- Carnatic Music is classical music from South India. Most of the songs in Carnatic Music were composed by the Trinity of Carnatic Music : Sri Thyagaraja, Sri Mutthuswamy Dikshathar and Sri Shyama Sastri. Sri Purandaradasa offered songs in Kannada. Actually, so many great men and women saints and poets in India have offered thousands of songs in pure classical Carnatic Music that one cannot mention them all here. Songs were found to have flowed from these Great Ones due to their devotion to God.
- Carnatic Music comes in several languages such as Sanskrit, Tamil, Telugu, Kannada etc. In time, Hindi bhajans were also included in a Carnatic Music style.
- The musical instruments typically used in a concert is the Tambura, Violin and the Mridangam (drum for the rhythm). Tambura is the drone of set musical notes such as the Lower Sa, the middle Pa and the High Sa to enable the singer to sing in tune. Some songs will need “Ma” instead of “Pa”. This sets the Sruthi, the pitch, to use an easy term. The pitches are naturally different for men and women singers. The pitch is decided by the voice and its ranges. The Tambura is tuned to the desired pitch of the singer before the concert. Violin and Mridangam are used as accompaniments.
- Sometimes, usually for accomplished and renowned singers, musical instruments Ghatam and Ganjira are performed. Ghatam is a huge pot made of clay specially for music. Ganjira is like a tambourine, but has its own peculiar sound. During the rhythm solo, these rhythm artists usually perform sort of a Jugalbandi, a duel among themselves.
- Raagam is the foundation and basis for all the Carnatic Music songs. A Raagam is a distinct Melody defined in a set pattern using the seven musical notes – Sa, Ri, Ga, Ma, Pa, Dha, Ni. (Sa itself as the highest note of the range constitutes the eighth note, if you will.)
- Rhythm: But to perform a song, not only the Melody, but also the Rhythm is essential. The Rhythm in Carnatic Music is called Thaalam. There are several set patterns of Thaalam, some more complicated than the others.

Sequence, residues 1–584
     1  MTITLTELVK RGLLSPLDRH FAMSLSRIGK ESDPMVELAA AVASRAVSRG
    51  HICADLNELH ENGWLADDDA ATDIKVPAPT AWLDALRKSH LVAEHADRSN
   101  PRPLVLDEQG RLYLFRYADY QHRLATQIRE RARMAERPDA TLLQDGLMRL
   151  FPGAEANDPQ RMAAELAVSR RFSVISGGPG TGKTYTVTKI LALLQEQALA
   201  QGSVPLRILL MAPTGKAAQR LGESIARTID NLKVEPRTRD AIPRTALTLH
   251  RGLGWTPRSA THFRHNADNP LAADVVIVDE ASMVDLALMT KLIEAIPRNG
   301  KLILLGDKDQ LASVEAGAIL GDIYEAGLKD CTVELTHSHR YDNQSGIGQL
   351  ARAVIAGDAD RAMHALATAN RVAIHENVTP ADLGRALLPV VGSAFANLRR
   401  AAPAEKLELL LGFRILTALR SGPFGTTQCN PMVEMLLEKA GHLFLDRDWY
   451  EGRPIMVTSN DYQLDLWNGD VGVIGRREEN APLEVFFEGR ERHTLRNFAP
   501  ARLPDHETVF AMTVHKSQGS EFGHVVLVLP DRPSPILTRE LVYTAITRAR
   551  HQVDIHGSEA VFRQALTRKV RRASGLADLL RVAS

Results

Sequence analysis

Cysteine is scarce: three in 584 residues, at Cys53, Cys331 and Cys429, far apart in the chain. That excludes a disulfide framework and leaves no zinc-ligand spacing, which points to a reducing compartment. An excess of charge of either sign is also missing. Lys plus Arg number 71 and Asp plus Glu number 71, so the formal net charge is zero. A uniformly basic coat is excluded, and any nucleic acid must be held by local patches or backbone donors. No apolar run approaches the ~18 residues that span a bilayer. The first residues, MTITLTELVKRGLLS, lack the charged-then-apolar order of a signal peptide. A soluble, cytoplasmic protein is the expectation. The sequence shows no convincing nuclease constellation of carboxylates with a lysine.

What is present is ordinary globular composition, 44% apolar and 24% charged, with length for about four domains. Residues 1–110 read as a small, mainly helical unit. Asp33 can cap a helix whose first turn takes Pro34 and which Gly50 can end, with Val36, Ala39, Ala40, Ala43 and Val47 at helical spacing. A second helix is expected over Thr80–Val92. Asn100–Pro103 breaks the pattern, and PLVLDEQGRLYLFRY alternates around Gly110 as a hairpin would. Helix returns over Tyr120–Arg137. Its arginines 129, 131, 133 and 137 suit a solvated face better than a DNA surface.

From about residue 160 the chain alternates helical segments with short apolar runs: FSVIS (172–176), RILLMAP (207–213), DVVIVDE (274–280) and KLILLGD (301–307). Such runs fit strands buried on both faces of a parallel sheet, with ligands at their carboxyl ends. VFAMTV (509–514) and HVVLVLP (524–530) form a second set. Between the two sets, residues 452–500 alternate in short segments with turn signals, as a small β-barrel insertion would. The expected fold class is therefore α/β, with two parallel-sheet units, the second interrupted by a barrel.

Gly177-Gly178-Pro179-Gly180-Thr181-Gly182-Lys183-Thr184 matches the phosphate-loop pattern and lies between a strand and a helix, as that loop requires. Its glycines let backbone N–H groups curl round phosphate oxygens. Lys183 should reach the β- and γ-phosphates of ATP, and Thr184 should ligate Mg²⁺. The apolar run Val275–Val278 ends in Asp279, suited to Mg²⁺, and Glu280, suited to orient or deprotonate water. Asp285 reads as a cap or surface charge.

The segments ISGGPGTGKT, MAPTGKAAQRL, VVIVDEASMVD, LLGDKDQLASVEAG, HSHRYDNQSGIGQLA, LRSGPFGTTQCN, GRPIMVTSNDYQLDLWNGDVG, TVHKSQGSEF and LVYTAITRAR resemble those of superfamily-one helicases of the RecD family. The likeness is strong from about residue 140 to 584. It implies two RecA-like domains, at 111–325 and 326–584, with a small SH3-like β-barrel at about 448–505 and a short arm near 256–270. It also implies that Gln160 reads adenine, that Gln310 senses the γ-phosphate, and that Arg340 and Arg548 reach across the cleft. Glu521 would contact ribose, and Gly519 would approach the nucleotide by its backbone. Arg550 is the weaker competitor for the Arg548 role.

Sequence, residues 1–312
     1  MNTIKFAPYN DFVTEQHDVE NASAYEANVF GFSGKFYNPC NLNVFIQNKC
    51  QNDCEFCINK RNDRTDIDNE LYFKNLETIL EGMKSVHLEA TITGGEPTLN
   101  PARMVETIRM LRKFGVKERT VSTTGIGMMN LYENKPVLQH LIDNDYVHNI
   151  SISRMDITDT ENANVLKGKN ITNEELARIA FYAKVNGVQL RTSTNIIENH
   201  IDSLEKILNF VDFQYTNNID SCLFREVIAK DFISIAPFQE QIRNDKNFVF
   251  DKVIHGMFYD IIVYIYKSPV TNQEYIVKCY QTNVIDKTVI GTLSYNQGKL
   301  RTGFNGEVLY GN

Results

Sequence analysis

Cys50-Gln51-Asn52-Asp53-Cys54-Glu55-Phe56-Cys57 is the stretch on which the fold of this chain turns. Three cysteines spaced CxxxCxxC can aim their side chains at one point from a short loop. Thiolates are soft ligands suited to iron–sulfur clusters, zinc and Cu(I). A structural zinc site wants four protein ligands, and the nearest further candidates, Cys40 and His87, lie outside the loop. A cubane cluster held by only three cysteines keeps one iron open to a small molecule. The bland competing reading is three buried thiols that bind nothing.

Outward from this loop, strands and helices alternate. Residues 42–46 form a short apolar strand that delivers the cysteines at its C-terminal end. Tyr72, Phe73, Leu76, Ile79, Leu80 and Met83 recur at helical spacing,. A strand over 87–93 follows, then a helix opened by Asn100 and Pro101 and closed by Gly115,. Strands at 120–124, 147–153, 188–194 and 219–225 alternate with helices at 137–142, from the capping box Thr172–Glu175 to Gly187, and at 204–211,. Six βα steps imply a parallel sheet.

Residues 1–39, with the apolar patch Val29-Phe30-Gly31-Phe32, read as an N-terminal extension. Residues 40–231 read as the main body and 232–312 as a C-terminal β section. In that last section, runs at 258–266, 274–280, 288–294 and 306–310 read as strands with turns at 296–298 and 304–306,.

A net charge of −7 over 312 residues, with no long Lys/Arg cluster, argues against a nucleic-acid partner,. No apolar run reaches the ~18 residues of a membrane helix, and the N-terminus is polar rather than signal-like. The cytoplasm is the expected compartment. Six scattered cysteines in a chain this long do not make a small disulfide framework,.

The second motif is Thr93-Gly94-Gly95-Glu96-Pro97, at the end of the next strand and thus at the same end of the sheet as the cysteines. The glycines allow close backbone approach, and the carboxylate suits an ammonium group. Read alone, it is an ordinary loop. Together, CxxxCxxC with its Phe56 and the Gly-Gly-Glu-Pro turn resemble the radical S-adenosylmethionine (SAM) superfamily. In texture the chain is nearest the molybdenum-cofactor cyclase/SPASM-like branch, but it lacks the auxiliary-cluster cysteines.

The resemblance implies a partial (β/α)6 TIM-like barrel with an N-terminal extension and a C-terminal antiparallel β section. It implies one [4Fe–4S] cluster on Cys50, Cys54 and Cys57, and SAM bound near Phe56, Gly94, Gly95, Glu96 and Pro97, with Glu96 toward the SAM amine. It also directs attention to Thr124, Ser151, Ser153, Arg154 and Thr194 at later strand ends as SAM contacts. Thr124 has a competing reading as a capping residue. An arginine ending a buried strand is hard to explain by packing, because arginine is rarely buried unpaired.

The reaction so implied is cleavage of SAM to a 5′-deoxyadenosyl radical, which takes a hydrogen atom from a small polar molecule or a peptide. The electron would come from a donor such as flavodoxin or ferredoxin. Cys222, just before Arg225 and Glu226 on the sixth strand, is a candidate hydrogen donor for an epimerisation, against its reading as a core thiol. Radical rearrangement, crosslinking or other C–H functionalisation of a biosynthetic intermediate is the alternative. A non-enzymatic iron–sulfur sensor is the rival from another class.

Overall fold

- Alaapanai is the singing of the Raagam with just the Tambura. It is an elaborated expansion of the Raagam according to the skills and imagination of the singer. The Aalaapanai can be either long or short depending upon the positioning of the song.
- Krithi is the song.
- Swaram: Performing Swaram is using just the seven notes, ranging from simple to complicated patterns along with Violin and Mridangam accompaniments. There is usually a duel, so to speak, between the singer and the violinist, demonstrating their skills and talents. The Swaram part ends with the first line of the song.
- Thani Aavardhanam is the solo performance of the Mridangam. Here the drummer gets an opportunity to entertain the audience with his skills, knowledge and sounds of his instrument.
- A typical Carnatic Music Concert starts with a Varnam which gives a complete and thorough workout for the voice. The next item is dedicated to Lord Ganesha, the manifestation of the Higher Power who removes obstacles and ensures success. At the beginning of a song, first the Aalaapanai is performed. Then the song itself is performed with rhythm. At the end of the song, an optional Swaram is performed.
- Somewhere in the middle, an elaborate set of Aalaapanai – Krithi (song) – Swaram is performed. Then Thani Aavardhanam is performed. As an option, a complicated pattern of Melody, Song with Rhythm and then Swaram is offered. It is called Raagam-Thaanam-Pallavi.
- At the end of the concert, lighter songs are performed and at the every end a Peace offering called Mangalam is performed.